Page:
Concerns and Best Practices
Current topics of interest/concern for parents in China and almost every other region around the world are around access to U.S. visas to study and work. Parents want to understand what is happening with opportunities to work in the U.S. (OPT, H1-B, etc.). Being available to explain what is happening here in the U.S. and what might change in the coming year (who knows, right?) will be reassuring - even when you cannot provide difinitive answers. Hearing from you will help.
Timeless issues that parents care about: academic rigor and safety. Parents prioritize their concerns differently than students do. In the case of international students, parents are not only sending their children to live far away, but in a completely new country and culture. That is a big deal! So, they’ll have a critical eye. They want to see where their children will be living and will be wary of mess and disorganization. Parents care about safety. Be prepared to upload safety information to parents’ pages on your website. You have a section for parents, right? Check out The George Washington University's example HERE. A bit text heavy but it provides the info parents like (albeit in English only - translation is hard, we get it!).
So, about translated content, we actually do have more to say.
Why do we keep saying: translate, translate, translate? Often times, parents don’t speak English, or don’t speak English as well as their children, but that doesn’t mean they should be left out of the loop. Translation is essential. So is finding a good translator. A great suggestion from eduGuru:
“A translator may recommend wording that is stiff and formal, while a native speaker will be quick to point out ‘this is how we really say it.’ You’ll need to consider the tone you want for your university and hire a translator or native speaker (maybe a student employee) to be able to update your social media outlets online.”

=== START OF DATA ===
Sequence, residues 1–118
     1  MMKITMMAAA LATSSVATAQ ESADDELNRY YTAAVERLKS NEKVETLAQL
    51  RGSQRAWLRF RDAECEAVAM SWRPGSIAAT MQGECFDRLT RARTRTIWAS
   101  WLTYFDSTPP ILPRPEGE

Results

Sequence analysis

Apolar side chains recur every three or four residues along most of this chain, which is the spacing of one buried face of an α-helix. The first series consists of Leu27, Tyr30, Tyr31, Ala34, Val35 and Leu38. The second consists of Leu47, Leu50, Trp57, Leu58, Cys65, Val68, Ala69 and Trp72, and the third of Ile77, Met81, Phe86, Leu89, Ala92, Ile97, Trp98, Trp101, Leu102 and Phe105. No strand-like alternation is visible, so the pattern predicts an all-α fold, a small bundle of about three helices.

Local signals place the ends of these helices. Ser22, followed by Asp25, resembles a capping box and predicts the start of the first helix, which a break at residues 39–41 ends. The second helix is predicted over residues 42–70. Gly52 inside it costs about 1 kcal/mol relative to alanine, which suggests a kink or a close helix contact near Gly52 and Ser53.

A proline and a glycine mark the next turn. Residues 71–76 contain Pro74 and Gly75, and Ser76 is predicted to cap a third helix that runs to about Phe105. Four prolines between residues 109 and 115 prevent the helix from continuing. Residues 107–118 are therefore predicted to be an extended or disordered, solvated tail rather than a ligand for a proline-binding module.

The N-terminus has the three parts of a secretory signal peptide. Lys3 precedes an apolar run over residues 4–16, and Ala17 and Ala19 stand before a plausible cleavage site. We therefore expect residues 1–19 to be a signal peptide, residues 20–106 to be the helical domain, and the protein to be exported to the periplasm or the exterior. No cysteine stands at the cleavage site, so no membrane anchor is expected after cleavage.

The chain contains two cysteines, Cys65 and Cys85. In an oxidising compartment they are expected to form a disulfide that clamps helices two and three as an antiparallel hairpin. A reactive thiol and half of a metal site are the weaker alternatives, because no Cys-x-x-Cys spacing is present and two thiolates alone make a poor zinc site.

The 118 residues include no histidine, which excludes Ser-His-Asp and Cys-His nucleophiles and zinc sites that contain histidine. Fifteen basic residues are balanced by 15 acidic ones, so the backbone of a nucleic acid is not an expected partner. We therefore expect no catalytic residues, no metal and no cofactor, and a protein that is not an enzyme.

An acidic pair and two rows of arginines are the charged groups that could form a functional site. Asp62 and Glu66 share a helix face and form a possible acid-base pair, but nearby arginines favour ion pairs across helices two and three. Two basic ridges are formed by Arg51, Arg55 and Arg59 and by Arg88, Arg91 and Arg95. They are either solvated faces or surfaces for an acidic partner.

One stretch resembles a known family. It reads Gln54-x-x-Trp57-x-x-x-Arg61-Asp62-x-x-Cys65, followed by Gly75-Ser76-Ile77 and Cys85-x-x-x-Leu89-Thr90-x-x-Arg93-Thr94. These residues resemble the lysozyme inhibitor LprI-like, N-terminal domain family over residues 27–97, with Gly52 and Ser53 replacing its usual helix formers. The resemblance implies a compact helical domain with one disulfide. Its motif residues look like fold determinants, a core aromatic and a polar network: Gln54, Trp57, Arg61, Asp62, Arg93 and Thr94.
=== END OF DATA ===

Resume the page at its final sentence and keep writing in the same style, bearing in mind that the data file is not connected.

To be clear, you should translate because:
- You show deference to the culture. Other cultures appreciate that. REALLY appreciate that.
- You stand out from your competitors who don't translate.
- Reading complex information (visa stuff!) in a second language is exhausting. Help them out. Make them happy, not exhausted. This is what customer service is all about: happy customers.
- Maybe most importantly: You create content that is sharable, allowing parents to show their pride in your institution. Parents sending their kids to university want to brag to their friends and family. Give them that opportunity and you expand your marketing reach exponentially.
Including parents in the online space doesn’t have to end when students hit campus. There are plenty of ways to keep parents engaged via social media throughout the whole experience (keep them sharing and bragging about the great experience their kid is having). This should include safety updates, campus events, and university news.
One idea comes from ICEF Monitor. They mention the importance of a student’s graduation, especially for international parents who may, or may not be in attendance. They suggest capturing the emotional time and sharing it on social media and allowing families to share it around to others. Free marketing for your university of a proud parent and an international student graduate of your university! Live streaming is always a hit.
As you update and build on your recruiting plans, consider including the influential role parents of international students play and how you are reaching them. Sharing translated parent guides or inviting parents to join social media groups to exchange information and answer questions is an important part of engagement in the decision-making process. How do you engage parents online during, and after the recruiting process?